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The Works of Charles and Mary Lamb, Volume 2 By Charles Lamb Characters: 19765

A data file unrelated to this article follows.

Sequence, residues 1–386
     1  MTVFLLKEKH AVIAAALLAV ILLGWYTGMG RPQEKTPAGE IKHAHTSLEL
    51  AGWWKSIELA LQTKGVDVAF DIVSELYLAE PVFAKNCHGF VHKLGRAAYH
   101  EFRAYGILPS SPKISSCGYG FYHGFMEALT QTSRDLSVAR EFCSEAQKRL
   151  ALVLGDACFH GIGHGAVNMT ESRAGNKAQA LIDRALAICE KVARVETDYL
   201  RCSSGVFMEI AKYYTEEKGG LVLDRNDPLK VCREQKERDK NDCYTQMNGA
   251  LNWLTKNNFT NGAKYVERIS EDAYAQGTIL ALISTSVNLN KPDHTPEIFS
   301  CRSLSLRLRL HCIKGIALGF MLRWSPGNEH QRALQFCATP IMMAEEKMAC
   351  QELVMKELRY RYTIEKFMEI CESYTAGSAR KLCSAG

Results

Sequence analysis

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"Lady of the Manor," 113, 387. Lamb, Charles, on the South-Sea House, 1. -- on accountants, 3. -- on Elia, 8. -- on Oxford, 10. -- on antiquity, 11. -- on old libraries, 11. -- on George Dyer, 11. -- on his school-days, 14. -- on Coleridge's school-days, 14. -- on Matthew Fielde, 21. -- on James Boyer, 22. -- on borrowers and borrowing, 26. -- on John Fenwick, 27. -- on Coleridge as a book borrower, 29. -- on the Duchess of Newcastle, 30. -- on the New Year, 31. -- on bells, 31. -- on his childhood, 32, 75. -- on the joy of life, 33. -- on death, 34. -- on Mrs. Battle and whist, 37, -- his want of ear, 43. -- his piano playing, 44. -- on oratorios, 45. -- on Novello's evenings, 47. -- on fools, 48. -- on Quakers, 51, 55, 72. -- on silence, 51. -- on Sewel's History, 53. -- on John Woolman, 54. -- and the Quaker "wit," 55. -- his reading, 56. -- on schoolmasters, 59. -- on Valentine's Day, 63. -- on anatomy and love, 64. -- on door knocks, 64. -- on Edward Burney's valentine, 65. -- on imperfect sympathies, 66. -- on Scotchmen, 67. -- on Jews, 70. -- on Braham, 71. -- on negroes, 71. -- on Quakers, 72. -- on witches, 74. -- on his childhood, 75. -- on children and the dark, 77. -- on Thornton Hunt's bringing up, 77. -- on dreams, 79. -- on his relations, 80. -- on Sarah Lamb, 80. -- on John Lamb, jr., 81, 117. -- on his sister Mary, 86. -- his dislike of stories, 86. -- on the Duchess of Newcastle again, 87. -- on Mackery End, 88. -- his Hertfordshire relations, 88. -- on the comely Brutons, 89. -- on gallantry, 90. -- on Joseph Paice, 92. -- on the Temple, 94. -- on sun-dials, 95. -- on fountains, 96. -- on the old Benchers, 97. -- on Joseph Jekyll, 97. -- on Samuel Salt, 98, 103. -- on Thomas Coventry, 99. -- on his father, 99. -- on Daines Barrington, 101. -- on James Mingay, 102. -- on Baron Maseres, 103. -- on saying grace, 104. -- on Milton, 107. -- his godfather Field, 111. -- as a landed proprietor, 112. -- his first play, 112. -- and his imaginary children, 115. -- his grandmother, 115. -- on Blakesware, 116. -- on distant correspondents, 118. -- on Lord Camelford's whim, 121. -- on puns, 122. -- on Australia, 122. -- on chimney-sweepers, 124. -- on Saloop, 125. -- and fine teeth, 127. -- and James White, 128. -- on beggars, 130. -- his translation from Bourne, 133. Lamb, Charles, on Samuel Horsey, 135. -- on almsgiving, 137. -- on the origin of roast pig, 137. -- on roast pig, 140. -- and his plum cake, 142. -- on married people, 144. -- on "Twelfth Night," 150. -- on Mrs. Jordan, 151. -- on Mrs. Powel, 151. -- on Bensley's Malvolio, 152. -- on Dodd's Aguecheek, 155. -- on Dicky Suett, 157. -- on Jack Bannister, 159. -- on Jack Palmer, 159, 165. -- on the artificial comedy, 161. -- on Wycherley and Congreve, 162. -- on the "School for Scandal," 164. -- on J.P. Kemble, 168. -- on Munden's faces, 169. -- on Elia's death, 172. -- on family mansions, 174. -- on Blakesware, 175. -- on the feeling of gentility, 176. -- on poor relations, 178. -- on Favell's sensitiveness, 181. -- on John Billet, 183. -- on stage illusion, 185. -- on Gattie's old men, 186. -- on Emery as Tyke, 186. -- on Elliston, 188, 190. -- entertains Elliston, 194. -- on reading, 195. -- on books that are not books, 195. -- on binding, 196. -- on editions of the great authors, 197. -- on the names of poets, 198. -- on Shakespeare, 198. -- his adventure on Primrose Hill, 199. -- on watering-places, 201. -- on the voyage to Margate, 21. -- on a good liar, 202. -- on the ocean, 205. -- on Hastings, 206. -- on smuggling, 207. -- on convalescence, 208. -- on the sanity of genius, 212. -- on Captain Jackson, 215. -- on his clerk-state, 219. -- his superannuation, 221. -- on leisure, 222. -- on the genteel style in writing, 226. -- on Sir William Temple, 226. -- on Miss Kelly's reminiscence. 230. -- on his friends among actors, 232. -- on Westminster Abbey fees, 235. -- on Andrews monument, 237. -- on George Dyer's immersion, 237. -- on the Islington doctor, 238, -- on the New River, 240. -- on drowning in dreams, 241. -- on Sidney's sonnets, 242. -- on Milton's Latin sonnet, 243. -- on Hazlitt s opinion of Sidney, 248. -- on James Bruce, 250. -- on Dan Stuart, 250. -- on the Morning Post days, 250. -- on joking to order, 252. -- on Bob Allen, 253. -- on The Albion, 254. -- and Sir James Mackintosh, 256. -- on modern painters, 256. -- on Titian's "Ariadne," 256. -- on Raphael, 257. -- on J.M.W. Turner, 258. -- his imaginary scene at Brighton, 259. -- on John Martin, 260. -- on Don Quixote, 264. -- his fantasy on the Days, 266. -- on Miss Burney's wedding, 271. -- on mothers and daughters, 273. -- on his behaviour on solemn occasions, 274. Lamb, Charles, on Admiral Burney, 275. -- his fantasy on the child angel, 276. -- on Randal Norris's death, 279. -- on old china, 281. -- his sister's regrets for poverty, 282. -- and the folio Beaumont and Fletcher, 282. -- and his sister's excursions, 283. -- and his sister's playgoing, 283. -- on bullies and cowards, 286. -- on ill-gotten gains, 287. -- on jokes and laughter, 287. -- on breeding, 288. -- on the poor and the rich, 288. -- on sayings concerning money, 290. -- on disputants, 291. -- on puns, 292. -- on Mrs. Conrady, 294. -- on beauty, 295. -- on presents, 296. -- on home, 298. -- on friendship, 302. -- on Merry's wedding day, 304. -- on early rising, 305. -- on superannuation, 307. -- on going to bed late, 308. -- on candle-light, 308. -- on sulky tempers, 309. -- on Kemble in Godwin's "Antonio," 329. -- on Mathews' collection of portraits, 331. -- on the name Elia, 337. -- his dedication to Elia, 337, -- his imitators, 339. -- his Key to Elia, 339. -- and the London Magazine, 340. -- on Taylor's editing, 341. -- his post London Magazine days, 342. -- at the South-Sea House, 342. -- in the country, 345. -- at Oxford, 346. -- his sonnet on Cambridge, 346. -- on Milton's MSS., 346. -- his jokes with George Dyer, 347. -- on George Dyer's career, 348, 349. -- his lines to his aunt, 350. -- his popularity at school, 355. -- on Grecians and Deputy-Grecians, 355. -- on reading and borrowing, 356. -- and Luther's Table Talk, 357. -- Coleridge as a reader, 357. -- his copy of Beaumont and Fletcher, 357. -- his copy of Donne, 358. -- his books in America, 358. -- his reply to "Olen," 358. -- his sonnet "Leisure," 359. -- Coleridge's description of him, 359. -- on Coleridge's "Ode," 359. -- his sonnet on Innocence, 360. -- rebuked by "A Father," 360. -- and the Burneys, 361. -- elementary rules of whist, 362. -- his ear for music, 363. -- weathering a Mozartian storm, 364. -- his chaff of Hunt, 364. -- on Elia's ancestors, 364. -- chaffed by Hunt, 365. -- Maginn thinks him a Jew, 365. -- on birthplaces, 365. -- on turning Quaker, 368. -- kisses a copy of Burns, 371. -- his threat concerning Burns, 371. -- rebuked by Christopher North, 371. -- his admiration of Braham, 371. -- on Sir Anthony Carlisle, 372. -- his sisters, 373. -- on John Lamb's pamphlet, 374. Lamb, Charles, his cousins, 376. -- his blank verse fragment, 377. -- on Wordsworth's "Yarrow Visited," 377. -- De Quincey's description of him, 377. -- his chivalry, 377. -- Barry Cornwall's anecdote of him, 377. -- his birthplace, 379. -- his patron, 380. -- his father, 381. -- and Baron Maseres, 383. -- and Southey's criticism of Elia, 384. -- as a landowner, 385. -- his letter to his tenant, 386. -- and his mother, 387. -- his sonnet to Mrs. Siddons, 388. -- and Alice W--, 389. -- his love period, 389. -- and chimney-sweepers, 390. -- at Bartholomew Fair, 391. -- his acquaintance with Hood, 393. -- his joke to a beggar, 394. -- on the "Beggar's Petition," 394. -- his joke on Wainewright, 395. -- the origin of his "Roast Pig," 395. -- his recantation, 397. -- his aunts, 397. -- on Mrs. John Rickman, 397. -- criticised by Macaulay, 399. -- praised by Hartley Coleridge, 400. -- on Elia's character, 402. -- on the East India House clerks, 404. -- letter to Southey about Blakesware, 406. -- letter to Barton on same subject, 406. -- his excursion with Elliston and Munden, 410. -- his books described by Leigh Hunt, 412. -- his affectation of affectation, 414. -- and watering-places, 415. -- at Hastings, 416. -- leaves the India House, 417. -- letter to Barton on his liberty, 417. -- on the Puritans, 418. -- his love of walking, 419. -- his sonnet on "Work," 419. -- his remark to Macready, 423. -- his remark to Allsop about Dyer, 425. -- the last book he read, 426. -- on Lord's Thurlow's poems, 427. -- his paragraphs for the Morning Post, 429. -- as he appeared to Dan Stuart, 430. -- his epigrams on Mackintosh, 433. -- his real opinion of Titian's "Ariadne," 434. -- letter to Barton on John Martin, 435. -- at Hazlitt's wedding, 436. -- his clothes, 438. -- his pun at Cary's, 441. -- his treatment of presentation copies, 441. - Elizabeth, Lamb's mother, 387. - John (Lovel), 100, 381. -- his boyhood, 183, 408. -- quoted, 437. -- jr., his character, 81. -- his childhood, 117. -- at the South-Sea House, 344. -- and Hazlitt, 347. -- his Letter … on Cruelty to Animals, 374. -- his death, 388. - Mary (Bridget Elia), Lamb's sister, 43, 86, 362, 376. -- her account of a schoolmaster, 62. -- a quaint poetess, 200, 414. -- her first play, 387. -- her poem "Helen," 407. - Sarah (Lamb's aunt), 15, 142, 350, 397. -- her character, 80. Lamb, Sarah, her sarcasm, 184. - family, 81, 373. "LAST ESSAYS OF ELIA," 339. Laughter, Lamb on, 287. "Lazarus, The Raising of," by Piombo, 262, 435. Le Grice, Charles Valentine, 25, 110, 354, 384. -- Samuel, 25, 355. Leisure, Lamb on, 420. Letter-writing, Lamb on, 118. Liar, a good, 202. Libraries, Lamb on, 11. Life of John Buncle, by Amory, 30, 357. Lincoln, John Lamb's boyhood, 183, 408. Liston, John, 169, 401, 423. Lloyd, Charles, 360. Lombardy and the pawnbrokers, 254. London, Lamb's homes in, 379. London Magazine,